Photon EEPROM non-volatile write cycle limit - removed?

Hi all!

I know from using the EEPROM as non-volatile storage on the Core that there was a stated limit to the number of times it could be written/overwritten.

I’d like to save a timer value across device reboots, but it’s a “just in case” thing, not a mission critical function. This timer value is updated quite often, so I don’t want to burn out my write “allowance” with it.

I have tried to read through related forum posts and the Photon datasheet, but I see no mention of any such write limitation for the Photon, and a mention that it is “emulated” EEPROM, which suggests to me that it would not have such hardware restrictions.

Does this mean that this limitation no longer exists on the Photon?

If it does, no problem - I saw great instructions on another post for how to add some non-volatile storage. I’m not storing much data, though, so an SD card via I2C or something is massive overkill if I can just use the Photon’s emulated EEPROM without worry of running out of write cycles.


The limitation still exists but if you only want to save the data across reboots without loss of power, you can just use the retained feature which saves variables in a battery backed SRAM area. If you additionally apply a coincell battery to VBAT you could even depower the Photon’s main core but the SRAM would still survive.


I had in mind that the emulated EEPROM does not have write limintation; since it is using FLASH memory. Am I wrong?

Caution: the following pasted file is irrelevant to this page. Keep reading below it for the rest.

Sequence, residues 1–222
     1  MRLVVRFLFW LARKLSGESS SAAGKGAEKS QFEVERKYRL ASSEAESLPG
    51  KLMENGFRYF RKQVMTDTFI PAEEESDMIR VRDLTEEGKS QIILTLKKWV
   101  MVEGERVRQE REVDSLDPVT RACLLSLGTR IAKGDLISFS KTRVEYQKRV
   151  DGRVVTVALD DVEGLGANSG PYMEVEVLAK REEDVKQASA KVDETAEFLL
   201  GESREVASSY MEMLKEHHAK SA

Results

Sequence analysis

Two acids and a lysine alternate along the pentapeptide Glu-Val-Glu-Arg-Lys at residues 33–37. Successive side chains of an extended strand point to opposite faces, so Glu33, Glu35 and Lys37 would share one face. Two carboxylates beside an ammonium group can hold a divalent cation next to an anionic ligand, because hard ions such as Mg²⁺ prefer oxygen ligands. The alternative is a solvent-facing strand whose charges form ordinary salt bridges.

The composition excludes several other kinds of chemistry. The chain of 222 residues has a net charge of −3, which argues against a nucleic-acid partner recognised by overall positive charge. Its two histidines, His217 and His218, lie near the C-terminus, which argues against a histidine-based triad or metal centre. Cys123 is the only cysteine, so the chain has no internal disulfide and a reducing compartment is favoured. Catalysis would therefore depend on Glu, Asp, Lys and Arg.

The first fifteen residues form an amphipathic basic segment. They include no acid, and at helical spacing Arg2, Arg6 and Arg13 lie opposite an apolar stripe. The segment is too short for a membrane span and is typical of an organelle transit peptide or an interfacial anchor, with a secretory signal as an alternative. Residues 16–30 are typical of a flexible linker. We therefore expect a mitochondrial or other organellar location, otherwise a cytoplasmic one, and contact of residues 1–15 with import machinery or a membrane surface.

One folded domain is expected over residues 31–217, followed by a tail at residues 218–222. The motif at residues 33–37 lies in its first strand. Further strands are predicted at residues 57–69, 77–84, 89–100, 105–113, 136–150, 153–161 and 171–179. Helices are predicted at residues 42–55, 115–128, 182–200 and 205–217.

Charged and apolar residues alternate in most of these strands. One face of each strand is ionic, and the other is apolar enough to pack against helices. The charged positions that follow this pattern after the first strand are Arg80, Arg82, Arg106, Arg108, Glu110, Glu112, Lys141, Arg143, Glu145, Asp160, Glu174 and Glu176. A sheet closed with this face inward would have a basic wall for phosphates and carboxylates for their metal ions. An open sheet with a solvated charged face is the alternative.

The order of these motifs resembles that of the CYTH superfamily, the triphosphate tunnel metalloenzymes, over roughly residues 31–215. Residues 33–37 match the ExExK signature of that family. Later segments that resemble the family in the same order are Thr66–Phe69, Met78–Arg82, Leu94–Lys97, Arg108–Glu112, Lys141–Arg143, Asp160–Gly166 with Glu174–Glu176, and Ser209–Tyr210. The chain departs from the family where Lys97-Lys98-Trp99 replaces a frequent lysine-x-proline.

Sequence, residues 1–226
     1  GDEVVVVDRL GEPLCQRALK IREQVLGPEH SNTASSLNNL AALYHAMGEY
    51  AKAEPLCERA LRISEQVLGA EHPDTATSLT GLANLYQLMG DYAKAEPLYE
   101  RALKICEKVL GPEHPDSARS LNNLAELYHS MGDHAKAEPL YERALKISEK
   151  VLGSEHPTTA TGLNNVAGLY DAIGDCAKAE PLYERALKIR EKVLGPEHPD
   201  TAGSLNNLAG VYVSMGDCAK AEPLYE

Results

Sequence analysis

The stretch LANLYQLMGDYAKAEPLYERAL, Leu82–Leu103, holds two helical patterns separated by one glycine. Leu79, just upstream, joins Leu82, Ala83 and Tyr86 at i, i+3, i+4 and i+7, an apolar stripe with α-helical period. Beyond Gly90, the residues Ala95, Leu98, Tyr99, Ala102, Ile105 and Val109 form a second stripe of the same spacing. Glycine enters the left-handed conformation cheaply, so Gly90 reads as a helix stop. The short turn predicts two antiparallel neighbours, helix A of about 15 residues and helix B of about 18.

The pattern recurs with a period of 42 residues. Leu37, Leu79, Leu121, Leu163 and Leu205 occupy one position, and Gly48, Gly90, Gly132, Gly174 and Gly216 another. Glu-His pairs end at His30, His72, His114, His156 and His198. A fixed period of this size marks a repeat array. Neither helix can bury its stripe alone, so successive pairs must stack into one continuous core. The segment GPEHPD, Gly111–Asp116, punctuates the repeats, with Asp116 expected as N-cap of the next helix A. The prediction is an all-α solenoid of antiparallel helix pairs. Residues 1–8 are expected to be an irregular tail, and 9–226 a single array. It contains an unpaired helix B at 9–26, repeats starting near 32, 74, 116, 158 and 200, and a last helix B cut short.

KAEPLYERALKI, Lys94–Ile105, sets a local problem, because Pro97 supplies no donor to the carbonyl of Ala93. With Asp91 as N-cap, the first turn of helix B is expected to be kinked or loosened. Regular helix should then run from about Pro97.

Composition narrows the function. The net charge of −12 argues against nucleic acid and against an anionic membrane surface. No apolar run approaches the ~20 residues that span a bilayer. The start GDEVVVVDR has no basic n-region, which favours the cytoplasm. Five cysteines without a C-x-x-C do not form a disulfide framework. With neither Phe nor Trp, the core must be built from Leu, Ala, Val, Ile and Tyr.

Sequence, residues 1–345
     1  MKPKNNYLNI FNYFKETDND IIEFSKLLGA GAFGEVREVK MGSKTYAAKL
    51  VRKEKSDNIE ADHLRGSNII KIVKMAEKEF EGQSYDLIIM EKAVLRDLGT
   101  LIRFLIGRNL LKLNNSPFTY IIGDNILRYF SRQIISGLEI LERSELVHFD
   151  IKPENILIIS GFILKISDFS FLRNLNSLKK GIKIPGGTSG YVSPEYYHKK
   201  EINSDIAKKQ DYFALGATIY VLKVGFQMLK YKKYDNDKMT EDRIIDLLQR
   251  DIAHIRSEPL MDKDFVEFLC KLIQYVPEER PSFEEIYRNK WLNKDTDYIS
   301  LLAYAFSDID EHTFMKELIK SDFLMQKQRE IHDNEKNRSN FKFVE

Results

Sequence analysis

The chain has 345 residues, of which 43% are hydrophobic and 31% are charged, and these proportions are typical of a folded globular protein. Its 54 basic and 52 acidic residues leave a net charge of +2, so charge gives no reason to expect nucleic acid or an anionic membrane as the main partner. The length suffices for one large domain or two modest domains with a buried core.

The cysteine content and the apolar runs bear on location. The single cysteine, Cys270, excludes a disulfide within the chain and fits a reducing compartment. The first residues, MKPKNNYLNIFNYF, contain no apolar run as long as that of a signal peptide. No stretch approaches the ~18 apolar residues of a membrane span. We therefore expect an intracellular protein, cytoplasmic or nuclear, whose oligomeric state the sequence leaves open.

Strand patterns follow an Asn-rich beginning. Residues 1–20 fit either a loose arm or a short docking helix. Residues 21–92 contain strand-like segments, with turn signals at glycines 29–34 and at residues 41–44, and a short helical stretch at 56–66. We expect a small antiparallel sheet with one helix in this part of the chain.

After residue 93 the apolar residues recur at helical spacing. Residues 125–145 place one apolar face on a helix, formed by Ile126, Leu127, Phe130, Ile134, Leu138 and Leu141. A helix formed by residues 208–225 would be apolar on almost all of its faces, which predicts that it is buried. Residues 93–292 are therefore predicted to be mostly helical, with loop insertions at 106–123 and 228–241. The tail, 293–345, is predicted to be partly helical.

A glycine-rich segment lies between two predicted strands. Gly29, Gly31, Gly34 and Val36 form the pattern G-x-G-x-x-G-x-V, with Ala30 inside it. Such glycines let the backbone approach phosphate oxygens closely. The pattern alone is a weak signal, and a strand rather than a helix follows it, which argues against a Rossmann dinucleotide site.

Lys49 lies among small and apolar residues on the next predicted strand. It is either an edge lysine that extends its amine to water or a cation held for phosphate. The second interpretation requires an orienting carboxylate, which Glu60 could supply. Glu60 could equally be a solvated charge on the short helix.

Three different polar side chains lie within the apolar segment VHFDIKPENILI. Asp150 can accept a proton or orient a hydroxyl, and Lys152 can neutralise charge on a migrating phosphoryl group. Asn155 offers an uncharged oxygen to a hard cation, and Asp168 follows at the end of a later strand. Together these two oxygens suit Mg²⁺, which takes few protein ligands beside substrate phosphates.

@Fabien, flash still suffers wear but on a page level instead of a byte level (read the section again). The emulated EEPROM uses wear leveling logic (in the system firmware) to reduce page wear but it is still there. I would still consider using the retained variable on the Photon as @ScruffR pointed out . By tying Vbat to 3V3, the retained RAM will be maintained as long as power is applied to the Photon. This applies through hard and soft resets, as well as, all sleep modes. Since the value is not mission critical, using retained variables is the best approach IMO.

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My main concern is while I am developing the software backend for my project, frequent reflashing is resetting some key timer variables that I would like to keep intact.

@peekay123 Sounds like if there’s no drop in power supply across a firmware reflash, this will work perfectly to prevent that.

Are you saying I need to jump VBAT to 3V3 for this to take effect, or will simply adding the retained keyword suffice?

Thanks for the replies!

@patrickcentral, you will need to add the jumper. As for retained RAM values persisting across firmware updates, you’ll need to test it as I have not (at least not yet).

I think the minimum flash endurance from the data sheet is a minimum of 10,000 cycles. But the EEPROM code does wear leveling. If you’re writing say 4 bytes of data to virtual EEPROM, actually 8 bytes are written to flash. And the flash is 16K bytes so it takes 2048 writes before a page needs to be erased. And there are two pages. So you can do 4096 * 10000 writes and still be in the minimum flash life. If you wrote the four bytes to EEPROM once per minute it would take 78 years for it to wear out.


In my case this value is being overwritten whenever the loop isn’t doing something else, which can often be multiple times a second, so it would shorten the life considerably - though you’re right, it’s still probably going to last long enough to replace it with whatever new product is out by then.